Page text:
The USDA FNS has provided the following double-sided flyers describing best practices for the CACFP MP and using the MP to lower food costs:

CACFP Recipes External link opens in new window or tab.
The USDA Mixing Bowl developed new recipes that are compliant with the CACFP MP, which includes crediting information. These recipes are culturally diverse! To accommodate all types of CACFP agencies, the recipes are portioned for family homes as well as larger agencies.

USDA Team Nutrition CACFP Meal Pattern Training Tools External link opens in new window or tab.
The USDA TN developed materials for CACFP operators and sponsors to implement the CACFP MP. Some materials include:

Food Buying Guide External link opens in new window or tab.
The USDA Food Buying Guide (FBG) for CNPs is now an online interactive tool. It has been updated to reflect the MP. It can help with purchasing the required quantities of foods, and determine the contribution each food makes toward the MP requirements.

  • Food Buying Guide Mobile App External link opens in new window or tab.
    The USDA developed a mobile app for the FBG. The FBG is now within the reach of your fingertips. Use it to compare yield information or create a favorites list of the food items that are commonly purchased. The app is available on iOS and Android platforms.

  • Food Buying Guide - PDF External link opens in new window or tab.
    The USDA FBG is available to download and/or print as a PDF.

Institute of Child Nutrition

Institute of Child Nutrition (ICN) - Education and Training Resources External link opens in new window or tab.
The ICN developed resources for participants in the CACFP. Some useful resources include fact sheets, posters, sample menus, and much more.

Policy Guidance

The USDA has issued the following policy memoranda related to the CACFP MP. You can find the policy memoranda on the USDA CACFP Policy web page External link opens in new window or tab.. Below is a brief summary of each memorandum and related CDE Management Bulletins, if applicable.

Release Date

Issuing Agency

Subject

Reference Number

October 2018 CDE Documentation Requirements for the CACFP Meal Patterns
CDE Management Bulletin: CACFP 02-2018
April 2018 USDA Grain Requirements in the Child and Adult Care Food Program; Questions and Answers External link opens in new window or tab. USDA Policy Memorandum: CACFP 09-2018
October 2017 USDA Feeding Infants and Meal Pattern Requirements in the Child and Adult Care Food Program; Questions and Answers External link opens in new window or tab. USDA Policy Memorandum: CACFP 02-2018
October 2017 USDA Updated Infant and Preschool Meal Patterns in NSLP and SBP; Q&As External link opens in new window or tab. USDA Policy Memorandum: SP 01-2018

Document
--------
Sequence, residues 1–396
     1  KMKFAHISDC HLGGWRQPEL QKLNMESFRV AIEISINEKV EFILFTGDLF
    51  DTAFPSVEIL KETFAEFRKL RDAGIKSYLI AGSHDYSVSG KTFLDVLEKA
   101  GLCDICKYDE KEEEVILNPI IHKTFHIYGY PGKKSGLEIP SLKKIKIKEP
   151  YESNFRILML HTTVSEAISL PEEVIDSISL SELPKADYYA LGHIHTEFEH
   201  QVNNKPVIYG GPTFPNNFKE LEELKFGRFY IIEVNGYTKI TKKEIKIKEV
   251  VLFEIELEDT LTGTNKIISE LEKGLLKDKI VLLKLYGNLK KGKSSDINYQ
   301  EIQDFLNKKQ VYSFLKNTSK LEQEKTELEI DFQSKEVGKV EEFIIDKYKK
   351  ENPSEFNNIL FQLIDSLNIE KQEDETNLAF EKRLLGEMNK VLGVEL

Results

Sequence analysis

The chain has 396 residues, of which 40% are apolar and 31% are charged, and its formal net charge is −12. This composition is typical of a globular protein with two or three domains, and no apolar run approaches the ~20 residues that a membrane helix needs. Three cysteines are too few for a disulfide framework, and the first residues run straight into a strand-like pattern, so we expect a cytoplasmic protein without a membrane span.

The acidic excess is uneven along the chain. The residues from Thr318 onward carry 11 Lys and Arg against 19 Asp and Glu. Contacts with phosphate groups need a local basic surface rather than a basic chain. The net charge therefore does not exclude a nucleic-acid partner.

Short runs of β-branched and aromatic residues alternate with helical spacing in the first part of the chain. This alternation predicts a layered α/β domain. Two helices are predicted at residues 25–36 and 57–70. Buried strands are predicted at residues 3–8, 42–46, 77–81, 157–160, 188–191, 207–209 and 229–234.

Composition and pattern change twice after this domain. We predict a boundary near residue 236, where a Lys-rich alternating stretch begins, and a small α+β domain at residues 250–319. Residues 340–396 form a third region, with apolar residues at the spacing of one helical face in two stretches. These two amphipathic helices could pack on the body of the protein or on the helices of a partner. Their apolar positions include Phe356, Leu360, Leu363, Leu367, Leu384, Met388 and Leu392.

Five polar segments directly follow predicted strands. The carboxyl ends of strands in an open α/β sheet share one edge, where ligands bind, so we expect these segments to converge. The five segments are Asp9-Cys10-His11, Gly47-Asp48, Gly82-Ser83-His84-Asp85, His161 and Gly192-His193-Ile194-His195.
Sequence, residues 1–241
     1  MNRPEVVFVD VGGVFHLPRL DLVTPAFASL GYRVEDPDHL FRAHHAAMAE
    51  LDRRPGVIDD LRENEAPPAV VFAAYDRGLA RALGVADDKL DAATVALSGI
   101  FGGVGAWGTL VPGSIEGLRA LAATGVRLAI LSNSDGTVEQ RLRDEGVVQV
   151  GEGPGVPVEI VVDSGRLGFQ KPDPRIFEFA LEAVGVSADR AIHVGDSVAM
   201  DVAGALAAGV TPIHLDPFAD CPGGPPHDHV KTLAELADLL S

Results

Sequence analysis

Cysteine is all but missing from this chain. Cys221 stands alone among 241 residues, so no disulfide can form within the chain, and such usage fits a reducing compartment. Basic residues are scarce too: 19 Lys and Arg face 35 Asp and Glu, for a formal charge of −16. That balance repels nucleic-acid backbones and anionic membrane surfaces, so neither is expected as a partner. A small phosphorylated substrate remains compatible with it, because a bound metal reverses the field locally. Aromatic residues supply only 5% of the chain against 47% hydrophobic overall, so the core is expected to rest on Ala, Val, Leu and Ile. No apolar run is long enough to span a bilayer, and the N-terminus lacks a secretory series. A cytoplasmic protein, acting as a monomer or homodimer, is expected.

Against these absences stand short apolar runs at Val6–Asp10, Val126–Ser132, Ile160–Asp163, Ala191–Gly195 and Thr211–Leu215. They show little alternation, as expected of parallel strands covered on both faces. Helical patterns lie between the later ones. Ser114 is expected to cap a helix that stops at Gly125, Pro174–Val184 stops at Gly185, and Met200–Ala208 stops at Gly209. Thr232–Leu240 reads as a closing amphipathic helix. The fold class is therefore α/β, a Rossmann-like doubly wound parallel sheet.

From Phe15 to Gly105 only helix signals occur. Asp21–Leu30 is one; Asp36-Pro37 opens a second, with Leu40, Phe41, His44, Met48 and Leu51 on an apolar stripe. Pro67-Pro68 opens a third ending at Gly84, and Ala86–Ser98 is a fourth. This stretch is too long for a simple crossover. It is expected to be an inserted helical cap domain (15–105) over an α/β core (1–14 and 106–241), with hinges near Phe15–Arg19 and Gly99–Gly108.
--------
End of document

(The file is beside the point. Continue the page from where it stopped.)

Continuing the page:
June 2017 USDA Grain-Based Desserts in the Child and Adult Care Food Program External link opens in new window or tab. USDA Policy Memorandum: CACFP 16-2017
June 2017 USDA Flexibility for Co-Mingled Preschool Meals: Questions and Answers External link opens in new window or tab. USDA Policy Memorandum: SP 37-2017
September 2017 CDE Updated CACFP Meal Pattern Requirements CDE Management Bulletin: CNP-06-2017
May 2017 USDA Transition Period for Updated CACFP, Infant, Preschool Meal Patterns External link opens in new window or tab.

USDA Policy Memorandum: SP 30-2017,
CACFP13-2017

March 2017 USDA Vegetable and Fruit Requirements in the CACFP; Q&As External link opens in new window or tab. USDA Policy Memorandum: CACFP 09-2017
March 2017 USDA Questions and Answers on the Updated Meal Pattern Requirements for the CACFP External link opens in new window or tab. USDA Policy Memorandum: CACFP 08-2017
December 2016 USDA Offer versus Serve (OVS) and Family Style Dining in the CACFP External link opens in new window or tab. USDA Policy Memorandum: CACFP 05-2017
August 2016 USDA Crediting Tofu and Soy Yogurt Products External link opens in new window or tab. USDA Policy Memorandum: SP 53-2016,
CACFP 21-2016
September 2017 CDE Crediting Tofu and Soy Yogurt Products in the Child Nutrition Programs CDE Management Bulletin CNP-09-2017
August 2016 USDA Water Availability in the CACFP External link opens in new window or tab. USDA Policy Memorandum: CACFP 20-2016
July 2016 USDA Nutrition Requirements for Fluid Milk and Fluid Milk Substitutions in the CACFP, Q&As External link opens in new window or tab. USDA Policy Memorandum: CACFP 17-2016
September 2017 CDE Nutrition Requirements for Fluid Milk and Fluid Milk Substitutions in the CACFP CDE Management Bulletin: CACFP-09-2017
June 2016 USDA Optional Best Practices to Further Promote Nutrition in the CACFP Meal Pattern External link opens in new window or tab. USDA Policy Memorandum: CACFP 15-2016

 

Compliance

The CDE monitors compliance with the meal pattern during the Administrative Review (AR). ARs occur approximately every three years. The CDE provides technical assistance when the standards are not met.

  • Meal Pattern Documentation Checklist
    The CDE provides a checklist to determine whether program operators are meeting the CACFP meal pattern requirements for reimbursable meals and snacks. To download the meal pattern Documentation Checklist located in Child Nutrition Information and Payment System External link opens in new window or tab. , select CACFP, applications, downloadable forms, and Form ID CACFP 89.